Some common myths about a knowledge management practice is the idea that; a good knowledge base will allow an organization to deliver support using lower skilled lower cost resources. In KCS this is not the case, we can see from the Solve Loop practices of Capture, Structure, Reuse and Improve that we need people who consistently exercise good judgment. If in the process of solving a customer’s issue we find a KCS article that we feel resolves the issue, then we should review the KCS article to ensure that it is relevant and technically accurate. We must exercise judgment, and we are responsible for the advice that we give to customers. If we are uncertain about the situation, we need to get a second opinion just as we would before KCS. The knowledge base does not reduce the need for good judgment in fact the need for good judgment increases.
Evolving The Knowledge Management Processes with Evolve Loop Practices
Now let’s reflect again on the Evolve loop in detail. So recapping, there are 4 evolve loop practices:
- Content health
- Process integration
- Performance assessment, and
- Leadership and communication
Now that we’ve bought to the forefront of our memory, let’s break them down into more detail.
The Content Health Practice
Each organization has a broad spectrum of content that contains valuable, reusable information. Historically technical content like manuals and design documents have been very structured, often following rigid templates and are static in nature – normally this information is often only altered during product service updates. However as collaboration has become more real-time, valuable information is being shared in dynamic forms like; instant messaging, email and telephone conversations.
The Content Continuum – the Scope of KCS
The diagram below called the ‘Content Continuum’ displays both ends of the spectrum for the types of content traditionally found in an organization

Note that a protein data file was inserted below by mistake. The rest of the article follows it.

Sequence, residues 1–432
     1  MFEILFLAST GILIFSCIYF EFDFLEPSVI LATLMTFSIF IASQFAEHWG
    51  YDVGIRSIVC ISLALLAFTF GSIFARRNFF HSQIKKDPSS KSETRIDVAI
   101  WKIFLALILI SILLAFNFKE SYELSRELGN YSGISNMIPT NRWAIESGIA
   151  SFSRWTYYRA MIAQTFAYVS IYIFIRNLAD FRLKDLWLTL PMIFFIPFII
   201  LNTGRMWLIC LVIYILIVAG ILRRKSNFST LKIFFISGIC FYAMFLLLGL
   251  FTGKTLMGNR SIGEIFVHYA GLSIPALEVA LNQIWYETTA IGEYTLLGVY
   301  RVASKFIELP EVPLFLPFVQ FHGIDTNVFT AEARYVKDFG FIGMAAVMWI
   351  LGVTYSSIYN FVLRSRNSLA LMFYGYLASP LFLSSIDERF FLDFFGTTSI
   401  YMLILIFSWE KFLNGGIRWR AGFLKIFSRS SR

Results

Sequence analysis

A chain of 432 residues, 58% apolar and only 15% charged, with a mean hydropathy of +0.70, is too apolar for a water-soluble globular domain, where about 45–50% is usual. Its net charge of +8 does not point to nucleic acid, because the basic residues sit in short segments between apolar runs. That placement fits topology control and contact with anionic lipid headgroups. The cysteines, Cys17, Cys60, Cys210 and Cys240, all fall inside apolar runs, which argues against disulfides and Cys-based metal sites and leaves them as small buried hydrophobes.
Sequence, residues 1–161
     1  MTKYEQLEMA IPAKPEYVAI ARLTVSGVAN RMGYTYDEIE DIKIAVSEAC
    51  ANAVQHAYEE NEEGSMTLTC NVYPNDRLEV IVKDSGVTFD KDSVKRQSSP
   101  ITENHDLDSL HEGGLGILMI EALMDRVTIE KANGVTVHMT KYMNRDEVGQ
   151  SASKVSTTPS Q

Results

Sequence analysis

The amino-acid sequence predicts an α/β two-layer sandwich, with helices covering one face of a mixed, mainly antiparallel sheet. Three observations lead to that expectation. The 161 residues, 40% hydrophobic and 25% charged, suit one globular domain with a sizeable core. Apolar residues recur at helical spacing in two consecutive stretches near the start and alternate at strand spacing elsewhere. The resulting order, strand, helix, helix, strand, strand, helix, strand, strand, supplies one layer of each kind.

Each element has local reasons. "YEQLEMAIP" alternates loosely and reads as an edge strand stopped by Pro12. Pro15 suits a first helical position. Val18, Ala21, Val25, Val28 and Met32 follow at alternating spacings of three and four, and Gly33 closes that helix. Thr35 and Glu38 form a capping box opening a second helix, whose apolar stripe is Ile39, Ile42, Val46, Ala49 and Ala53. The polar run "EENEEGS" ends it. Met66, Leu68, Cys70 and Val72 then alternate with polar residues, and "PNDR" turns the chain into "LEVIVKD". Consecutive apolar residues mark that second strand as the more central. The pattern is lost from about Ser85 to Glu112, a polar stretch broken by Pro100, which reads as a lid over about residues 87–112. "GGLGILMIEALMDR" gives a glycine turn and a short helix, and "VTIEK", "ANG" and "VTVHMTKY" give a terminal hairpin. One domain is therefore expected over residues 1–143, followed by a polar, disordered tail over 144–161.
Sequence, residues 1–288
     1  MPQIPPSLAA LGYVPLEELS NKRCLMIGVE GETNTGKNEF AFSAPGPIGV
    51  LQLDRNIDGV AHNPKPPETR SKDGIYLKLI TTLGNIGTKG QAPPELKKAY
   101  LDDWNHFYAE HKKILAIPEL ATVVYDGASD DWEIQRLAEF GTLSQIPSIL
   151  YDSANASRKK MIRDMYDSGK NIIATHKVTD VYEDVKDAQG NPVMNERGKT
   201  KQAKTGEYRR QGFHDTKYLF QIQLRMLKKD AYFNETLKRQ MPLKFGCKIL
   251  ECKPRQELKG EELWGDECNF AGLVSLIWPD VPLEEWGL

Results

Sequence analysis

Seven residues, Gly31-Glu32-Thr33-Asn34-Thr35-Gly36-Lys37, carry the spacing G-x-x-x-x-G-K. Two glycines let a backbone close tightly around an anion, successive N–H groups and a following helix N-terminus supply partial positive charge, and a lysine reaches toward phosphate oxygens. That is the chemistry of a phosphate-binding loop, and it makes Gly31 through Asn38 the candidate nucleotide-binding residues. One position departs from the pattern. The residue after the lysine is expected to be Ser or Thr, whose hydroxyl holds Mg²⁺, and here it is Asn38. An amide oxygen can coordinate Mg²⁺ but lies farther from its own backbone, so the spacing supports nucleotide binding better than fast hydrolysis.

The Content Continuum outlines the scope of content that KCS can contribute to, and influence. KCS articles (which are just-in-time support content), are typically somewhere in the middle of this spectrum. KCS provides a methodology and a set of practices for consistently capturing information in a way that is both structured enough to be useful, and dynamic enough to suit the rapidly changing environment of technical support.
In addition to drawing from many content sources and creating a context-sensitive knowledge base for daily use, KCS processes generate new material that may reference existing content and feed into other business content like product designs, marketing plans, field training and other documentation.
We will continue our next blogs by introducing a discussion on content health with some general considerations and then describe the practices and techniques.
Content as shown in KCS Version 5.3 Knowledge-Centered Support Practices Guide (2012) S2 [26.4], S3 [1.1-3, 2.1-2]. KCS v5.3 was written and edited by Melissa George, David Kay, Greg Oxton, Rick Joslin, Jennifer MacIntosh, and Kelly Murray.
The entire suite of KCS topics is available in one location for FREE via my KCS video book/training course. These are designed to guide interested people through the entire KCS concepts and practices, as well as provide evidence of understanding for those involved in a Knowledge Centered Support program of work or implementation. All you need to is register!